One way of dealing with the difference between the two cases is to propose that they only look different: the law stipulated in the one case should be applied also to the other. If this is so, then the bottom line in both cases is that all three types of damages must be paid: loss of work time, medical expenses, and compensation for the actual injury. This is the direction taken by the Oral Law, but here the obligation of paying damages is interpreted as monetary payment rather than actual reciprocal injury to the culprit. But the literal text does not sit well with this approach:

  1. As we noted above, in the Written Law the obligation as to damages is a tangible one; the eye of the culprit is to be removed. Hence, it is not appropriate that the culprit also be obligated to pay medical expenses and loss of work, for then he would end up paying twice. Together with the obligation of paying medical expenses and loss of work to the victim, he would also have to bear the cost of the medical expenses for the damage inflicted on himself as punishment.
  2. In parashat Emor, the Torah mentions only the obligation concerning the injury itself, using the image of "an eye for an eye." If the law is that all three types of damages must be met (injury, loss of work, medical costs), then why is this not made explicit?
  3. The two cases brought in our parasha appear in close proximity, but they are separated by the section dealing with a person who strikes his servant. If these parashiot are indeed meant to complement one another, why do they not appear consecutively? (Even if we explain that the Torah elaborates in one place and is concise in another, we would still expect the lengthy presentation to appear somewhere else altogether, not very close to the original discussion, which was halted by the following parasha.)

There is a different way of explaining the differences between the three parashiot. According to this approach, the Torah indeed sees fit to apply different obligations in different scenarios of damage, in accordance with the circumstances involved in each.

Indeed, a review of the three parashiot in question reveals that three different scenarios are being discussed. In the first case, the Torah describes two people fighting, where the one injures the other. If this is the context in which the injury takes place, the victim bears a certain degree of indirect responsibility for having been harmed, for he took an active part in the fight. The second instance, in contrast, presents two people fighting who then (unintentionally?) harm a third party. The third party in this case is the woman, who bears no responsibility for the fight.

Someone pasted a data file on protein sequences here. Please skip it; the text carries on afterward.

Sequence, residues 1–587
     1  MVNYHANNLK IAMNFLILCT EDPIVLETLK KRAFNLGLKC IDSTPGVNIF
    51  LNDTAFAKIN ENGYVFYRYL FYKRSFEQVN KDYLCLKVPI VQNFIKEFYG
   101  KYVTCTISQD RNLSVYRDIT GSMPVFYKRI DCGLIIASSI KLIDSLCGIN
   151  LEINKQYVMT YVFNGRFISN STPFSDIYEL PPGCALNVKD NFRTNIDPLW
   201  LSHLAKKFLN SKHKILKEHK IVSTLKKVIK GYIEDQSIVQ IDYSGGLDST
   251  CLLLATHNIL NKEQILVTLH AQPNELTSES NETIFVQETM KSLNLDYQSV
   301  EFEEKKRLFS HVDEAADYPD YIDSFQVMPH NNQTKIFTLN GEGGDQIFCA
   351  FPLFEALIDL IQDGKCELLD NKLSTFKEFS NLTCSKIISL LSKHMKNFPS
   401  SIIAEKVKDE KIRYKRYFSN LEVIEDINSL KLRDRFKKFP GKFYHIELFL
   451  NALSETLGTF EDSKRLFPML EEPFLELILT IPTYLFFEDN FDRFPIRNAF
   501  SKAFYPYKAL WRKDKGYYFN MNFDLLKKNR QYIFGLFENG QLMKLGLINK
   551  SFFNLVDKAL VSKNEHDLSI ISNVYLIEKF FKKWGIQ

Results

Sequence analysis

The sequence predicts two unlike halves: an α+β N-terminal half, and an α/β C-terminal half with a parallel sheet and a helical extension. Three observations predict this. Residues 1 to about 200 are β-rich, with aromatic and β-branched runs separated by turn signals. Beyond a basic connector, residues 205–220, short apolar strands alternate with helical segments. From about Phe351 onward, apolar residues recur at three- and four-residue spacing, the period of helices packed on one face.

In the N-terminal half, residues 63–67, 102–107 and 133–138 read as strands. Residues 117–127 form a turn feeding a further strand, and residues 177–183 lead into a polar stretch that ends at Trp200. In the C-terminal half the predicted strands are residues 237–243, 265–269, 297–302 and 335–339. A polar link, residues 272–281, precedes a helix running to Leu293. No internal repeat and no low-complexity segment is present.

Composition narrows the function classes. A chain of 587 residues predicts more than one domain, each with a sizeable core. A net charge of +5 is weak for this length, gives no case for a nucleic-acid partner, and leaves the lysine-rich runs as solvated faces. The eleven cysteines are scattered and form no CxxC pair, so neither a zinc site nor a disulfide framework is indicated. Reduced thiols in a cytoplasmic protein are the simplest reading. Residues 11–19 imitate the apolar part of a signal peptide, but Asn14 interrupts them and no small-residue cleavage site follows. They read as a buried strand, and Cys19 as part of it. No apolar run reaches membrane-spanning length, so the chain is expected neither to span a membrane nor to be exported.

Hence we may assert that there are three situations of injury, with the Torah addressing them in three separate places:

  1. people fighting, where one injures the other;
  2. people fighting and unintentionally causing injury to a third party;
  3. a person causes an injury to someone else without any (immediate) fight between them ("And if a person causes another person to be maimed…").

These three instances give rise to different punishments:

  1. In the first instance, there is no payment of damages for the injury itself (perhaps because the damage is not permanent); the obligation involves only medical costs and loss of work.
  2. In the second case, payment is for the injury itself: "an eye for an eye." (Where the fetus has not paid with its life, it is the woman's husband who determines the sum: "as the woman's husband shall place upon him.")
  3. In the third case, the obligation is the same as in the second case: "an eye for an eye."

The determination of the level of severity of these instances is not a simple matter. Clearly, the case presented in parashat Emor is the most serious of all, for there the injury is inflicted deliberately through no faultof the injured party.[3] The calibration of the two instances in our parasha, however, is more complicated. On the one hand, the guilt of the culprit is more serious in the first case, for he struck deliberately (although it happened in the heat of the argument, it is still certainly a deliberate act), whereas in the second case the injury was not caused deliberately. On the other hand, from the point of view of the victim, in the first case he bears a greater degree of guilt, for he took part in the fight (the Torah states, "If men strive," rather than "if a person should strive with his neighbor"), and results of this sort are to be expected. In the second case, the victim bears no guilt at all.